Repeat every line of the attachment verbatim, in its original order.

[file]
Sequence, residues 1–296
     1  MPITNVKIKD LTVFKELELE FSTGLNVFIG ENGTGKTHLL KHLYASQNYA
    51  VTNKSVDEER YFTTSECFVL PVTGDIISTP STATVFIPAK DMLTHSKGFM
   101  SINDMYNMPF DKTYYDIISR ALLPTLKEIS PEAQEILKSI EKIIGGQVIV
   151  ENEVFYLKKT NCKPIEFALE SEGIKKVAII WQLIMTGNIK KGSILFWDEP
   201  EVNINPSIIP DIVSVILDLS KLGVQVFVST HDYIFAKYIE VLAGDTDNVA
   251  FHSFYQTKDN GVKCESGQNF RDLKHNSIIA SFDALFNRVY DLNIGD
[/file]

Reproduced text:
Sequence, residues 1–296
     1  MPITNVKIKD LTVFKELELE FSTGLNVFIG ENGTGKTHLL KHLYASQNYA
    51  VTNKSVDEER YFTTSECFVL PVTGDIISTP STATVFIPAK DMLTHSKGFM
   101  SINDMYNMPF DKTYYDIISR ALLPTLKEIS PEAQEILKSI EKIIGGQVIV
   151  ENEVFYLKKT NCKPIEFALE SEGIKKVAII WQLIMTGNIK KGSILFWDEP
   201  EVNINPSIIP DIVSVILDLS KLGVQVFVST HDYIFAKYIE VLAGDTDNVA
   251  FHSFYQTKDN GVKCESGQNF RDLKHNSIIA SFDALFNRVY DLNIGD